WormWatch Curriculum Material


About the How to Guide

Before you begin identifying your earthworms, you may want to download a hard copy of our General Earthworm Diagram. This diagram highlights all the physical features you’ll need to correctly identify your earthworms.

Each screen will display several choices regarding a specific earthworm characteristic (i.e. colour). Take a look at each illustration and select the one that best matches your earthworm. Continue this process until you identify your earthworm.

Remember to focus on patterns, rather than picky little details. Each final identification will be accompanied by a complete description of this earthworm’s habitat and distribution.



This How to Guide will teach you how to use the identification key to classify your earthworms. So grab your earthworms, roll up your sleeves and get ready to have fun while learning about earthworm taxonomy (the classification of earthworms)!

Will I be able to identify all the earthworms I find?

No. You will only be able to identify adult earthworms. Cocoons and juvenile earthworms can be identified, but it requires a trained eye and specialized equipment.

Adults can be identified with the naked eye, and are easily recognized by the well defined clitellum located close to the head of the earthworm. The clitellum is normally greyish-white, but it can also be bright orange within the same species. The bright orange colour indicates that the earthworm is in heat, and does not mean that this is a different species of earthworm.

Are there any tips I need to know before I start identifying my earthworm?

Start with very basic characteristics and become more specific at each level. As you move down one branch of the flow chart, you will be eliminating earthworms and will be left with only a few earthworms to pick from.

Before you begin the identification process, there are few important things that you should keep in mind. First of all, make sure your hands are moist and free of soap or lotion as these can irritate earthworms, and make them difficult to handle. It’s a good idea to keep a spray bottle of water around to moisten the earthworm and your hands when they become dry. Secondly, when you are looking for certain physical characteristics on your earthworm, look for patterns and not small details.

How do I start identifying my earthworm?

The first characteristic you’ll be asked to look at is body size. In order to determine the length of your earthworm, you may want to download a copy of our General Earthworm Diagram. This diagram will not only help you determine the length of your earthworm, but it also illustrates any other physical characteristics that you may require during the identification process. To determine the length of your earthworm, allow the worm to freely extend himself as though he were crawling. Never try to stretch out the worm yourself as this can seriously harm the earthworm. Select and click on the size that best matches your earthworm. This will take you to the next characteristic.

The second characteristic you’ll encounter is colour. When determining the colour of an earthworm, make sure that you are looking at the dorsal side (back side) of the earthworm. The ventral side of most earthworms is colourless, and thus cannot be used in identification. Pay particular attention to the colour between the head and the clitellum. This is where the majority of an earthworm’s pigmentation occurs. Though most earthworms have a solid coloration, some are striped.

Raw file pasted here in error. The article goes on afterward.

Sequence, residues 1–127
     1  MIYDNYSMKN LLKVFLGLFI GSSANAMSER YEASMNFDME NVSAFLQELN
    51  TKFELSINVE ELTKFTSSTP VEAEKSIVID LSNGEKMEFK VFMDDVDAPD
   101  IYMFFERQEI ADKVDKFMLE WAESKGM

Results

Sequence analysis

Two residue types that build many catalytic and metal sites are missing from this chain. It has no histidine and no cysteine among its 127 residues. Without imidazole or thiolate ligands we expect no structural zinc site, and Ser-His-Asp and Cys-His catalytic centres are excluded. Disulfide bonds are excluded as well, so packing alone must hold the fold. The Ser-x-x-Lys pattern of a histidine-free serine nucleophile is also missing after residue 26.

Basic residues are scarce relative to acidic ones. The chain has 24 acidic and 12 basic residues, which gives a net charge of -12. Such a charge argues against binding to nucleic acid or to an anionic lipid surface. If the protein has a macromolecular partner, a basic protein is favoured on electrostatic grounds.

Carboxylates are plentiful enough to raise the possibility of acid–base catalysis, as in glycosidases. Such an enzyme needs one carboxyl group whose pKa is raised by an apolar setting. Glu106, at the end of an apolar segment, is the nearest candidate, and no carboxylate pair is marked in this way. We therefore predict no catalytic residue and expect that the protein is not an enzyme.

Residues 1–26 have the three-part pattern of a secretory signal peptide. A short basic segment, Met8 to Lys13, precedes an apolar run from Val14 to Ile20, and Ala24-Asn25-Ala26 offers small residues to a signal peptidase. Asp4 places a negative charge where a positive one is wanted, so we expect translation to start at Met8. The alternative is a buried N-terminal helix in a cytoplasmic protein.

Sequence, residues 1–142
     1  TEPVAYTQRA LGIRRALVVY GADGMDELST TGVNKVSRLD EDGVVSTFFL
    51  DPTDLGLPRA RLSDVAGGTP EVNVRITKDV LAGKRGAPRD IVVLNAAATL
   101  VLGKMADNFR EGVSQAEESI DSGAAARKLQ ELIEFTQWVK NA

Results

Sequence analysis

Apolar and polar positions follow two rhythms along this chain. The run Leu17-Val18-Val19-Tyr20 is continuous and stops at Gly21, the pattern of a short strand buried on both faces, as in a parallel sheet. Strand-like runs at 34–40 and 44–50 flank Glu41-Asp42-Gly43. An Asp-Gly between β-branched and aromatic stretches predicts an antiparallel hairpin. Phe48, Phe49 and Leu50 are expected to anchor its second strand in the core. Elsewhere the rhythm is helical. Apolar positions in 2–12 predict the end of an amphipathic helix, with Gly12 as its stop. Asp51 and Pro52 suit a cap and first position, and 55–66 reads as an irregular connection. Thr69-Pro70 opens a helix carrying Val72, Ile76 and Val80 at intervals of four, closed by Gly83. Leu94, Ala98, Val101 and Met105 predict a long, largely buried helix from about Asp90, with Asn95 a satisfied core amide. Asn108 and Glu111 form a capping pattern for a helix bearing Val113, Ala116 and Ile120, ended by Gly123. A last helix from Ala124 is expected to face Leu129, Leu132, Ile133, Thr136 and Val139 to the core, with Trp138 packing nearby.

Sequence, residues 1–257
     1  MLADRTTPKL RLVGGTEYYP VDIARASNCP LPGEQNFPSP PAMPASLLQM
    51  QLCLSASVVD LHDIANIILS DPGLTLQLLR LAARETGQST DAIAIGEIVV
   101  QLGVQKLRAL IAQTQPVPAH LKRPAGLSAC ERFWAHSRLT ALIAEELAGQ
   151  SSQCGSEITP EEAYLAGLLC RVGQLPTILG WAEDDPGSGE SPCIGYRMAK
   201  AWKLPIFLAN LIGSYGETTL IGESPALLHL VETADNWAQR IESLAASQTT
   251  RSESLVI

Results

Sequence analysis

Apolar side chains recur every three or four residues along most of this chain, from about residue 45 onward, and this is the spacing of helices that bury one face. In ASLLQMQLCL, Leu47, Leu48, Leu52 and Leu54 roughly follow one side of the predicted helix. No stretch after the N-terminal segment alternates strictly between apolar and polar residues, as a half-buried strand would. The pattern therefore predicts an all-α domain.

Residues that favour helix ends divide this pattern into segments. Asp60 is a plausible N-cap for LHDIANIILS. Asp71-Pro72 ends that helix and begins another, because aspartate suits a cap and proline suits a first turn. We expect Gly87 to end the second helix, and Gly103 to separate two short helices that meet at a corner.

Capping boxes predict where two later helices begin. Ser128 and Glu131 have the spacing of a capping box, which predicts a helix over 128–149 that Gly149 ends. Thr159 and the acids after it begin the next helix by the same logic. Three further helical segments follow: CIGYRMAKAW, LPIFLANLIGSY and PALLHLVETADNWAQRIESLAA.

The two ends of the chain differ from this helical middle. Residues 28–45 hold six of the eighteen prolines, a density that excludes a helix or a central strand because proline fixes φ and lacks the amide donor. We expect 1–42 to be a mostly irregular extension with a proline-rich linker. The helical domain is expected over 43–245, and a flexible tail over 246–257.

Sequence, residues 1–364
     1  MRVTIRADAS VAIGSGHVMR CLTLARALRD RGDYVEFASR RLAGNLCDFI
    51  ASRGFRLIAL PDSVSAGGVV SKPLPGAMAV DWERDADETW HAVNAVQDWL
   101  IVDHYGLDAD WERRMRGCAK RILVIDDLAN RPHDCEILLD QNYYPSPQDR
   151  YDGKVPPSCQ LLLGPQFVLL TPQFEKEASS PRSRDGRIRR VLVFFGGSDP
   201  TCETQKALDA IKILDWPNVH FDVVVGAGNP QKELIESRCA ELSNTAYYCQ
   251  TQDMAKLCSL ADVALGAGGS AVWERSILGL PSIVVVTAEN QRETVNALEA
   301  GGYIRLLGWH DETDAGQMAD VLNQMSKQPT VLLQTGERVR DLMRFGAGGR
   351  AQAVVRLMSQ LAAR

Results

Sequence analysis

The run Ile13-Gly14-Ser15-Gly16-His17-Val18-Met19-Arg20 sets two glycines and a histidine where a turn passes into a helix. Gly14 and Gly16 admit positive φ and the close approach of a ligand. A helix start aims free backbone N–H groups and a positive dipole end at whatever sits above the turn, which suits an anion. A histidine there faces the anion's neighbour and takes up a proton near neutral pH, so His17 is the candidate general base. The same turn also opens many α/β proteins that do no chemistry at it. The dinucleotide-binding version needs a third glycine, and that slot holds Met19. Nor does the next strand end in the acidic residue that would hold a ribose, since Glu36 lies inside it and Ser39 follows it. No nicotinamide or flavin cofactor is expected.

Dorsal view of an earthworm showing the (1) clitellum and (2) segments

In our key, Eisenia foetida is the only striped species. It has red segments, and yellow intersegmental furrows.

Striped worm Non-striped worm

Therefore, if you come across a striped earthworm, you likely have this species. It is wise however, to go through the key, even if you suspect a particular species. By going through the key, you’ll not only confirm your identification, but you’ll discover if your earthworm has any unusual characteristics, which might indicate a new species. Once you’ve determined its colour, select the colour that matches your earthworm and proceed to the following characteristic.
How do I identify the TP and GT of my earthworm?

In general, the third characteristic you’ll encounter are the earthworm’s tubercula pubertatis (TP) and the genital tumescence (GT). These are very important taxonomic traits. They are located on the ventral side of the clitellum. While examining these characteristics, pay close attention to the patterns they form, rather than focusing on small details. It is not necessary to determine which segment they fall on. What is important is determining whether or not they are on alternating segments, or are they on consecutive segments. Are all the GT located inside the clitellum, or are some found outside the clitellum? Are the TP shaped like triangles or bars? Do the TP run the length of the clitellum or are they shorter than the clitellum?

Alternating GT GT stuck on
adjacent segments

What else do I need to know before I begin?

So far, we’ve highlighted the most challenging steps of the identification process. You will encounter other traits not mentioned here, but don’t panic. The ‘How to Guide’ is fully illustrated and contains great descriptions of the sought after trait.

Well that’s it! You now know everything you need to know to start identifying your earthworms and use our online guide. Good luck and happy wormwatching!